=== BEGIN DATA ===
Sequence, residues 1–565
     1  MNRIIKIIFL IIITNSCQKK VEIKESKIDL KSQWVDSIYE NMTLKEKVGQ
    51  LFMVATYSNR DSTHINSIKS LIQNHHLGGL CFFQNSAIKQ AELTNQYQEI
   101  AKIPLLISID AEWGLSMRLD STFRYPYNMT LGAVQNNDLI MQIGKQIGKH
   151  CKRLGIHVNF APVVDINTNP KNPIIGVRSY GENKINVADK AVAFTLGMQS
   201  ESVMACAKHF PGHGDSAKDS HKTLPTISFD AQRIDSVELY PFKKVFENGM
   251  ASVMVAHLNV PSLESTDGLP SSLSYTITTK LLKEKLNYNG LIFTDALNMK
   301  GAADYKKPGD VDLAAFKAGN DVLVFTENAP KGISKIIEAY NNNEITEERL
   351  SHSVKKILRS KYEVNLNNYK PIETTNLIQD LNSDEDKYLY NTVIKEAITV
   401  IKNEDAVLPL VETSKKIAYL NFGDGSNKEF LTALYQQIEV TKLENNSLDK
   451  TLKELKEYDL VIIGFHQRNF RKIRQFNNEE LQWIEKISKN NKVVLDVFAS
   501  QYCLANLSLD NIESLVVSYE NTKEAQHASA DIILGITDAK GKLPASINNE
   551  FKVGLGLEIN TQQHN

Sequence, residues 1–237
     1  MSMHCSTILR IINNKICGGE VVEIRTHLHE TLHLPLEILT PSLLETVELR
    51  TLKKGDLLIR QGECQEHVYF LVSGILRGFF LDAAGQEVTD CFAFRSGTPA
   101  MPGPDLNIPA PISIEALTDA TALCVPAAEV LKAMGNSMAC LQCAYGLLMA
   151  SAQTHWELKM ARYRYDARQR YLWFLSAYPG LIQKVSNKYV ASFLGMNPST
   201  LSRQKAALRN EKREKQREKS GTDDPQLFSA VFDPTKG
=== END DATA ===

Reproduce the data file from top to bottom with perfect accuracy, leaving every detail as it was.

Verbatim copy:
Sequence, residues 1–565
     1  MNRIIKIIFL IIITNSCQKK VEIKESKIDL KSQWVDSIYE NMTLKEKVGQ
    51  LFMVATYSNR DSTHINSIKS LIQNHHLGGL CFFQNSAIKQ AELTNQYQEI
   101  AKIPLLISID AEWGLSMRLD STFRYPYNMT LGAVQNNDLI MQIGKQIGKH
   151  CKRLGIHVNF APVVDINTNP KNPIIGVRSY GENKINVADK AVAFTLGMQS
   201  ESVMACAKHF PGHGDSAKDS HKTLPTISFD AQRIDSVELY PFKKVFENGM
   251  ASVMVAHLNV PSLESTDGLP SSLSYTITTK LLKEKLNYNG LIFTDALNMK
   301  GAADYKKPGD VDLAAFKAGN DVLVFTENAP KGISKIIEAY NNNEITEERL
   351  SHSVKKILRS KYEVNLNNYK PIETTNLIQD LNSDEDKYLY NTVIKEAITV
   401  IKNEDAVLPL VETSKKIAYL NFGDGSNKEF LTALYQQIEV TKLENNSLDK
   451  TLKELKEYDL VIIGFHQRNF RKIRQFNNEE LQWIEKISKN NKVVLDVFAS
   501  QYCLANLSLD NIESLVVSYE NTKEAQHASA DIILGITDAK GKLPASINNE
   551  FKVGLGLEIN TQQHN

Sequence, residues 1–237
     1  MSMHCSTILR IINNKICGGE VVEIRTHLHE TLHLPLEILT PSLLETVELR
    51  TLKKGDLLIR QGECQEHVYF LVSGILRGFF LDAAGQEVTD CFAFRSGTPA
   101  MPGPDLNIPA PISIEALTDA TALCVPAAEV LKAMGNSMAC LQCAYGLLMA
   151  SAQTHWELKM ARYRYDARQR YLWFLSAYPG LIQKVSNKYV ASFLGMNPST
   201  LSRQKAALRN EKREKQREKS GTDDPQLFSA VFDPTKG